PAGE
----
The Chadwick Fund was started to help instruct pet owners how to make arrangements so that pets are cared for when they no longer can do so and allows us to put funds aside to take in animals that are left behind without plans for their care. We at Calvin's Paws aspire to see the concept of a Chadwick Fund set up in every rescue group around the United States. Its value is in the awareness that it provides.
Chadwick was a wonderfully affectionate Orange Maine Coon cat left behind when he was an 18 years old and his owner passed away at the young age of 42. Chadwick did not have anywhere to go but the shelter.
No provisions were made for his care. Luckily, Chadwick's owner had co-workers that all gave funds for his care and worked to find a rescue group that would take him in, care for him and find him a new forever home. The concept of the Chadwick Fund was born and kitties brought into rescues whose owners can no longer care for them are often referred to as Chadwick Kitties. The fund is used now by several rescue groups not only to raise money for awareness and education but also to help care for and place these "Chadwick" kitties and dogs that are left behind when their owners pass away or must move to assisted living homes.
The Chadwick Fund accepts contributions toward re-homing these special animals that have been left behind when their owners are no longer able to care for them. We have accepted cats when owners die without making provisions and when owners are suddenly unable to continue to care for their animals such as being admitted to a long term nursing facility. There are other circumstances where the process of accepting a Chadwick Fund animal is an appropriate avenue to bring a cat into a rescue and these are reviewed on a case by case basis.
While Chadwick Funds are primarly local, there are several scattered throughout the US where friends of Calvin's Paws volunteers have started them in their own rescues and shelters.
Even when an animal is well enough and does not have medical problems, it typically it takes more than $250 to rehome that animal. It's not unusual for these animals to quit eating and to develop a dangerous, often fatal liver syndrome. Elderly animals, animals who were strongly bonded to their owners, and of course animals with medical issues fare the worst and the costs are much higher to re-home them. To help these animals, we place them in special volunteer foster homes that have experience with grieving animals. As an interim, funds may be needed to board an animal for a few days until a foster arrangement can be made. However, most of the funding is used for the direct medical care of these cats as we find that many cats need to be brought up to date medically. Funds that are left over (and there never are any) are used to provide educational materials to the public.
At Calvin's Paws, our "Chadwick Fund" is more of a concept and an educational tool to inform the public about the importance of making arrangements for pets in the event an owner is unable to care for them. Donations to the Chadwick Fund that are part of bringing a cat into the program are nearly always used entirely to bring that cat up to date. But the concept continues to allows us to educate the public about the need for making arrangements for pets.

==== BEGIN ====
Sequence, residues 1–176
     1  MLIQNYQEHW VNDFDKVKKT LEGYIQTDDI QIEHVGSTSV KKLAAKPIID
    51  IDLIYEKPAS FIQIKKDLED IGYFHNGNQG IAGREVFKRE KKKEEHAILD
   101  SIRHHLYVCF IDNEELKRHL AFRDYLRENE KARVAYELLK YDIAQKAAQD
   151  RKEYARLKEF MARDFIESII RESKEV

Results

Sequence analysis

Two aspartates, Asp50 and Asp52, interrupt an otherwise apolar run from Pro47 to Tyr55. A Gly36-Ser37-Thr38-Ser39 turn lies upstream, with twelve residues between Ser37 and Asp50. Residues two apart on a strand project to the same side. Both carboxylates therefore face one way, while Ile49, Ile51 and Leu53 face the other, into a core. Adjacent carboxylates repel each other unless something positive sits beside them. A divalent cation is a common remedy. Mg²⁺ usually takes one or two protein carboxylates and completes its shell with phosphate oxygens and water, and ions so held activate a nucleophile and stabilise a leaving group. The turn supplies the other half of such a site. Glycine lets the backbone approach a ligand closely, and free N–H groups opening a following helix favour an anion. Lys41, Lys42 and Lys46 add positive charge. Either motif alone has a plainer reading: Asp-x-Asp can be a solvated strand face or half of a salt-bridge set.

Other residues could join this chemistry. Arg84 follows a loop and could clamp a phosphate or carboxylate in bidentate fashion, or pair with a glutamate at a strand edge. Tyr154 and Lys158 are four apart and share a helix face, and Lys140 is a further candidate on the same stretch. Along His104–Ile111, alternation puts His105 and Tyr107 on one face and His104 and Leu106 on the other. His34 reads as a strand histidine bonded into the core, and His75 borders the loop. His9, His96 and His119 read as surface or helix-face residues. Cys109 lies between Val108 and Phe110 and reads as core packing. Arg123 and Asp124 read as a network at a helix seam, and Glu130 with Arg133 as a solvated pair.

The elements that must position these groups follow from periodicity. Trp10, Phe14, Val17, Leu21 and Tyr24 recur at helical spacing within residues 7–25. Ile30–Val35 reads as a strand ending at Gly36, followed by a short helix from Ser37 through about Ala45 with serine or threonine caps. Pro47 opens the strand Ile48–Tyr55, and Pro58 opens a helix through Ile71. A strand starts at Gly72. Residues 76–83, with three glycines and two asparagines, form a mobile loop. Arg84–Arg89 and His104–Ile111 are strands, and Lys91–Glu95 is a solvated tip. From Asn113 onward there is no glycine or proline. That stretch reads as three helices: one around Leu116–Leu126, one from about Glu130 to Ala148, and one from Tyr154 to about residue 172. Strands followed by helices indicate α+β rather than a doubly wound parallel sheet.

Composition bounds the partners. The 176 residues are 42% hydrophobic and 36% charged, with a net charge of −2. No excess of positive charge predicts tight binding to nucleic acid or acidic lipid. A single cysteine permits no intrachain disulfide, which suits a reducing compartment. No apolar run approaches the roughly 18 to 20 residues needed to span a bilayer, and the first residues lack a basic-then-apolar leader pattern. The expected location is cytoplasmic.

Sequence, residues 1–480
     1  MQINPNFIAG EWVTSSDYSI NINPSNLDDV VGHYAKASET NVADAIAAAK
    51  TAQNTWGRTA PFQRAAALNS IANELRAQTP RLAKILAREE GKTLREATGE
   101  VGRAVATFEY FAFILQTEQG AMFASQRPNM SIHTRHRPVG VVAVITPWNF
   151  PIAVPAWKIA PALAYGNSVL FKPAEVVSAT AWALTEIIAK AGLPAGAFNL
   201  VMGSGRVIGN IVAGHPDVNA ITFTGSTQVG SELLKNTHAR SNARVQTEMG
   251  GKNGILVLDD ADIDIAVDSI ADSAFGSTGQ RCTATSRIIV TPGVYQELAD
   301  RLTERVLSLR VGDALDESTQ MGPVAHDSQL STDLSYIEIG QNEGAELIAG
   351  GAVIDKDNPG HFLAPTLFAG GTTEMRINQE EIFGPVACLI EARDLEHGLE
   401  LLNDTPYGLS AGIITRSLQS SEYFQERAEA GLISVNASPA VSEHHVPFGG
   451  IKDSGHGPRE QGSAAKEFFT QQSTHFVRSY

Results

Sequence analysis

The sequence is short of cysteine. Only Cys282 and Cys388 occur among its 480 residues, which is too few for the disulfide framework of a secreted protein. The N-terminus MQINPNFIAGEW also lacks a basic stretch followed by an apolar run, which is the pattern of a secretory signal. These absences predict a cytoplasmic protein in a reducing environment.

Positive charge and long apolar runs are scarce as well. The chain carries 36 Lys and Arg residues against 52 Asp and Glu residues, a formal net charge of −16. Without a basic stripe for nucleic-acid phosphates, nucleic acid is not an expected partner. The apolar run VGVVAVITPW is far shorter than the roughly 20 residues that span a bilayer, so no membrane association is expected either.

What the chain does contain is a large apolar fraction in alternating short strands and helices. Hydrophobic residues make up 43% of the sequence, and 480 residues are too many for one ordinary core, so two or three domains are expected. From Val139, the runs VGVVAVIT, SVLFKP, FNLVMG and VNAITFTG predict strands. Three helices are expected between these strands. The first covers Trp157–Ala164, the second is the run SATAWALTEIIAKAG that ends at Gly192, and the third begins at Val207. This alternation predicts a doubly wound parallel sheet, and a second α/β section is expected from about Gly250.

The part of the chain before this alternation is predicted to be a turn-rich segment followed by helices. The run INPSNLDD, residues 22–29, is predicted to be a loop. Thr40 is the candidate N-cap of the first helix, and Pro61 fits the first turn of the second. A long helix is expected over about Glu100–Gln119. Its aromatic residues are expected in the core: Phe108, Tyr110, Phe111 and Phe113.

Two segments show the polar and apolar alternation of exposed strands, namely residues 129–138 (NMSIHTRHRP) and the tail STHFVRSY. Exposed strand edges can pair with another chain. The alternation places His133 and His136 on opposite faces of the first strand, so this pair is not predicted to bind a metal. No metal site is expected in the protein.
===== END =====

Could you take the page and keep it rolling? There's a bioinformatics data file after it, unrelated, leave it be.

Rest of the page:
Calvin's Paws is dedicated to eliminating the tragic euthanization of healthy pets due to the death or incapacity of their caregivers.
The decision to help a "Chadwick Kitty" fits with our overall mission toward elminating euthanasia of healthy animals in shelters.
IF YOU FIND IT HARD TO THINK ABOUT LIFE WITHOUT YOUR PET, IMAGINE YOUR PETíS LIFE WITHOUT YOU.
What can you do?
- Download this emergency contact card to carry in your wallet. Carry this card with you so that someone will know you have animals at home and have information on who to contact.
- Make plans for your animal in your will. Consider making donations to a rescue group/charity ( a bequest) that agrees to take in your pets and place them in suitable homes. Talk with the rescue to see what their standards are for placement and to ensure that they have knowledgeable volunteers that know how to work with grieving animals. Determine what a year or two of care for each animal will be and make certain that at least that amount is set as a donation or bequest.
- Support your local rescue groups by donating toward their Chadwick Fund.
- See more information on planning for your pets at: www.2ndchance4pets.org
More than 800 pets were orphaned after the terrorist attacks in New York City on September 11, 2001 because their owners had not made appropriate plans for their pets. It took rescuers two weeks to find one cat, Sophie, after her 32-year-old owner was killed.
Carol de Olloqui
The greatness of a nation and its moral progress can be judged by the way its animals are treated."
For more details on how Marley's Cat Tales can be included in your estate planning or take in your pet when you cannot care for them, please contact Carol at email@example.com. For more information on how your rescue group can start a Chadwick Fund, please contact firstname.lastname@example.org.